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The Mindful Acquisition Theory

by Colleen P Moyne (Colmo) (follow)
I'm a freelance writer living in the beautiful river town of Mannum in SA, dreaming of the day I can retire from the 9-5 to write full time.
Life Skills (425)      Mindfulness (61)      Balance (59)      Choice (34)      Letting Go (22)      Organisation (20)     


Shopping, Shopaholic, Carrying parcels
Courtesy of living.msn.com


We all have possessions, some more important to us than others. Some we have acquired by choice, some are gifts, some we have inherited and some seem to just materialize over time. However we have acquired these things, we need to consider whether they are there because we really want them there. Do the things we have acquired fit with the original plan we had for our life? Do they reflect who we are, what we like and how we like to live?

If you are reading this at home, take a moment to look around you. My guess is that some of what you have in your home is just…hanging out there.

See if any of these sound familiar:
- Your kids have moved out but you’re still ‘minding’ some of their things.
- Your parents have passed on or moved into retirement accommodation and you can’t bear to part with their things.
- You like browsing flea markets or op shops and can’t resist a bargain or an unusual item.
- You had a bare corner, wall or shelf and just wanted something to fill it.
- Your well-meaning friends/family buy you gifts of household items that are more their taste than yours.
- It might come in useful if the old one breaks down, blows up or wears out.
- With a bit of paint, repair, or remodeling it will look great (if you can get around to it / find a spot for it).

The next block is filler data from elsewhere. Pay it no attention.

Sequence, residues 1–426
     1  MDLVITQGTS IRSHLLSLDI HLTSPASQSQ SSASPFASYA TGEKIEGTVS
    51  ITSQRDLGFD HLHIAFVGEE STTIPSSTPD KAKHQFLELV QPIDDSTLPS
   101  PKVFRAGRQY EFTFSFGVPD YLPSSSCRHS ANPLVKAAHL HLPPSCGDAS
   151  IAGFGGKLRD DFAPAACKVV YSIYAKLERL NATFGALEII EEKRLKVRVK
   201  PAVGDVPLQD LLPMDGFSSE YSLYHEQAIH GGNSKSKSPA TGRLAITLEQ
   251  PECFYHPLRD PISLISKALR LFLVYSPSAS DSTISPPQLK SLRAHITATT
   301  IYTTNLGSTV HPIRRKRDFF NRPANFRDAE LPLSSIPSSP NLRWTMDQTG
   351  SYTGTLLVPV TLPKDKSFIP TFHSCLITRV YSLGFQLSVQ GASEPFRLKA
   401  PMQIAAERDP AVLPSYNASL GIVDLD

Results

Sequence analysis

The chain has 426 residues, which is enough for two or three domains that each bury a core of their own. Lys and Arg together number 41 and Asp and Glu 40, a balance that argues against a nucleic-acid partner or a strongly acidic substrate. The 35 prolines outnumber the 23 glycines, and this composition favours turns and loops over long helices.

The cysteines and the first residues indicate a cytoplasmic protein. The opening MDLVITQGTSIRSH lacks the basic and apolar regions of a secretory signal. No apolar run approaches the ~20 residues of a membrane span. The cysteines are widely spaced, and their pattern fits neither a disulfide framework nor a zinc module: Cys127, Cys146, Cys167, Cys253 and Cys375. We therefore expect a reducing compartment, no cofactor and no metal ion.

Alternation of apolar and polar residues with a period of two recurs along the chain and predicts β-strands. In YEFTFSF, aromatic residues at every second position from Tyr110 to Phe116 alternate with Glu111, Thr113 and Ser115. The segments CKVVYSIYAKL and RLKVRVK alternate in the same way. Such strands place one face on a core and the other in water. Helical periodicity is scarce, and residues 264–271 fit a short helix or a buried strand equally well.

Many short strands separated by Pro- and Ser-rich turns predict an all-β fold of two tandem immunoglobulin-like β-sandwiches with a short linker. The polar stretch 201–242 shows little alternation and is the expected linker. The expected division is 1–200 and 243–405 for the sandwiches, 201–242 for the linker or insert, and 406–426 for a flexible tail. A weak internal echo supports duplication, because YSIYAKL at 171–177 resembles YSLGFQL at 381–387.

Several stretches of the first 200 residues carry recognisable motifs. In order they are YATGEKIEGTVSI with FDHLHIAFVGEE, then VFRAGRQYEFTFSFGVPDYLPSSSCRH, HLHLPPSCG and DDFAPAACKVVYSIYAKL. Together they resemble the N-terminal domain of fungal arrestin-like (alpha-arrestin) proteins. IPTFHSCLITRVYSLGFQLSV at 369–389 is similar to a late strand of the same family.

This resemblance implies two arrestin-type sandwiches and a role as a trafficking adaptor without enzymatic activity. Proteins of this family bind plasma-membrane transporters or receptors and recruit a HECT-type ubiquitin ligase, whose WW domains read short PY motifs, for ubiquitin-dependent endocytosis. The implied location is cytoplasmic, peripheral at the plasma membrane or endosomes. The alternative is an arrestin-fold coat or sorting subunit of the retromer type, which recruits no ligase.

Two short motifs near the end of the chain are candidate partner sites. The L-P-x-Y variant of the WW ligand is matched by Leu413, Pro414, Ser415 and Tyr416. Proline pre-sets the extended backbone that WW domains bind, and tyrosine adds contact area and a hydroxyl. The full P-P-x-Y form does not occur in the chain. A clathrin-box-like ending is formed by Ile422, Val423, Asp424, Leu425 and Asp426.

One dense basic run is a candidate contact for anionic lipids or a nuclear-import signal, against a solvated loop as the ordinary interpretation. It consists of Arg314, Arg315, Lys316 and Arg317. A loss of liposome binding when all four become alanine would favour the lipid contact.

These are just some of the reasons I've heard for holding onto stuff that just doesn't need to be there. Stuff that sits in a corner or in a pile. Stuff that doesn't fit or match or work properly.



Shopping, Shopaholic, Carrying parcels
Courtesy of drclouthier.com


Here are a few suggestions to begin to deal with some of this stuff.

I use the term ‘Mindful Acquisition’ and by this I mean ‘thinking about everything that comes into your home whether by choice or by circumstance’. If it wasn't your personal choice and you don’t really want it there, don’t keep it – move it on.

If your kids have moved out, make it their problem to deal with their excess stuff. It might sound a bit harsh, but if they don't’ want it now, they probably don’t want it at all.

Holding on to stuff that belonged to parents or family members can be as difficult as letting it go, but there are ways to deal with it respectfully. There are many website that give advice on this.

If you have a bare spot in your home that really needs something to fill it, think about what would serve the purpose best. For a wall, do you have a favourite artist or style of painting? Do you think a bold splash of colour would complement the room? Could you frame a child’s artwork or a certificate of achievement, a menu from your favourite restaurant or a program from an unforgettable show? This might be a good spot to mount a shelf to hold your mother’s collection of frog ornaments (if you really want to keep them). Don’t just stick any old thing there and say “that’ll do”.

In a nutshell, the goal is to make sure we have a good reason for everything we acquire.



Unwanted gift
Courtesy of marketwatch.com


If you are keeping items just because they were gifts then perhaps you could start to prime your gift-givers as to what kinds of things you like. My friends and family know how much I love books and music and good wine, so I can be pretty sure that’s what I’ll receive as gifts. They also know I’m a bit of a minimalist and that my home is quite small, so I don’t have room for lots of stuff.

I know I've said it before, but this quote from William Morris sums it up quite nicely:

“Have nothing in your house that you do not know to be useful, or believe to be beautiful.”



# Life Skills
# Choice
# Mindfulness
# Letting Go
# Balance
# Organisation
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